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The specified password for user account ‘root’ is not valid, or failed to connect to the database server.

While installing WordPress 3.4 via Web Platform Installer 4.0 on IIS 7, at some point the Web Platform Installer asks for MySQL ‘root’ user password. There you might get this error: “The specified password for user account ‘root’ is not valid, or failed to connect to the database server”. That happens even if you enter the correct password.

Here is how to fix it:

  • In the Windows registry, delete the mysql_pwd reg key under HKCU\Software\Microsoft\WebPlatformInstaller
  • Download and install the latest MySql .NET Connector (32 bit). At the time of writing, the latest version of MySql .NET Connector was 6.6.4.

Super Agile: Replace email with a shared blog

At Primo Software, we have switched from email to using shared internal blogs. That has improved communication in several ways:

  • Instead of emailing multiple people, you now write a post on the blog and all people who are subscribed to it are notified
  • Discussions are visible to everybody including future employees
  • As a side effect, posts have become more substantial. You post when you really have something valuable to share
  • People who prefer email can still choose to receive email notifications, daily digest, weekly digest and so on…
  • Posts are searchable

Convert an existing Google Apps account to a Google Apps Reseller account

This one was giving me a headache.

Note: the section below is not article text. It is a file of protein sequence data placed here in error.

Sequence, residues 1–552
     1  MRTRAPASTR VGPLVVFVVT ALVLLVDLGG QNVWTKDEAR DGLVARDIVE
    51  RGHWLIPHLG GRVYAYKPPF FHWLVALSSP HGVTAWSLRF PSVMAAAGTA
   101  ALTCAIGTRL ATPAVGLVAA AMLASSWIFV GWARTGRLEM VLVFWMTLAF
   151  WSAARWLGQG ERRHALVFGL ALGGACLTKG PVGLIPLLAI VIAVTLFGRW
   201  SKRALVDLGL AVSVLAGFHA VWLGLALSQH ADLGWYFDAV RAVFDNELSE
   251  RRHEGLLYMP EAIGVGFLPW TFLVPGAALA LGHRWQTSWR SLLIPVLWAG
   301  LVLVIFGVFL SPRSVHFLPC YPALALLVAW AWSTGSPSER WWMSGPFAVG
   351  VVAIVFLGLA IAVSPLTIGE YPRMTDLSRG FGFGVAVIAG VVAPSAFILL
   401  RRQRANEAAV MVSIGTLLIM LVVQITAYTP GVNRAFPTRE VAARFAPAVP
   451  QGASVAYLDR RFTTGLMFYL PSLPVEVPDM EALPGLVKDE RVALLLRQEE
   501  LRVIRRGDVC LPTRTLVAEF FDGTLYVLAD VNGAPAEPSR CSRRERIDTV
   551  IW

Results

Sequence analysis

I was trying to enroll Swift Software Group in the Google Apps Reseller program, but the standard application form did not want to accept our domain name “”. It kept coming back saying “This domain has already been registered with Google Apps.”

I just found a way around this:

Basically, you first have to sign in to your existing Google Apps account and then navigate (in the same browser window) to should to complete the reseller enrollment from there.

Super Agile: A note about software requirements

Write your requirements as user stories, following this simple template:

As a , I want  so that .

In other words:

As a product owner, I want to describe features as user stories, so that I encourage myself to think about the added value for my customers.

Android 5: If you make it, they won’t push the update

Android 4 was released in October 2011. Three months later we have just few devices running it. Today Android 5 is rumored to be launching in Q2 2012. We all know how this will end up: wireless carriers and device manufacturers will be late or will simply refuse to push the software update to existing hardware. It seems they do not care about sold inventory, but sure enough they will offer you new devices with the new Android OS.

The first problem is your Android device is destined to become an unsupported brick 6 months after you buy it, and to be fair I have to say that a lot of people are actually fine with that.

The second problem, the bigger problem is that software developers cannot keep up with this mess of hardware vendor customization, carrier customization, multiple versions, and just about everybody doing what they want and when the want it with Android. Android used to be a decent and promising iOS alternative. Recently it has become the nightmare of mobile development.

… but …

There is a light in the tunnel. Google is buying Motorola. Hopefully they are doing it, so they can make better hardware + software integrated devices, just like Apple does. However, it will take time to swallow Motorola, so in the meantime Google should take a page from Microsoft’s book and implement a more controlled Android licensing. Google should start demanding minimum hardware specs and swift software updates from device manufacturers and wireless carriers. That is what Microsoft has done with Windows Phone 7 and is doing with Windows 8.